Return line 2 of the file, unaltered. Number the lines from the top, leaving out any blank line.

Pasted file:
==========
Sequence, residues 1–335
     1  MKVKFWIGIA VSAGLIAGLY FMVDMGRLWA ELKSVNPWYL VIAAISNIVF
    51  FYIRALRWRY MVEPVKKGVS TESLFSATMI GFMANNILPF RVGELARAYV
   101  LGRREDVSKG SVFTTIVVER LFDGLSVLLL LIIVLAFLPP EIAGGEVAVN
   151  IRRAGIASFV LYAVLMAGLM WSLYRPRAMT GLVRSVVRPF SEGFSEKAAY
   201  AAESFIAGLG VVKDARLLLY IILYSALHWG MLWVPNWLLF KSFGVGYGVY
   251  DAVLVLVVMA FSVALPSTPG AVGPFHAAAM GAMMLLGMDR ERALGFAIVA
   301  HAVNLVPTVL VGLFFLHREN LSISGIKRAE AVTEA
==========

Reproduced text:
     1  MKVKFWIGIA VSAGLIAGLY FMVDMGRLWA ELKSVNPWYL VIAAISNIVF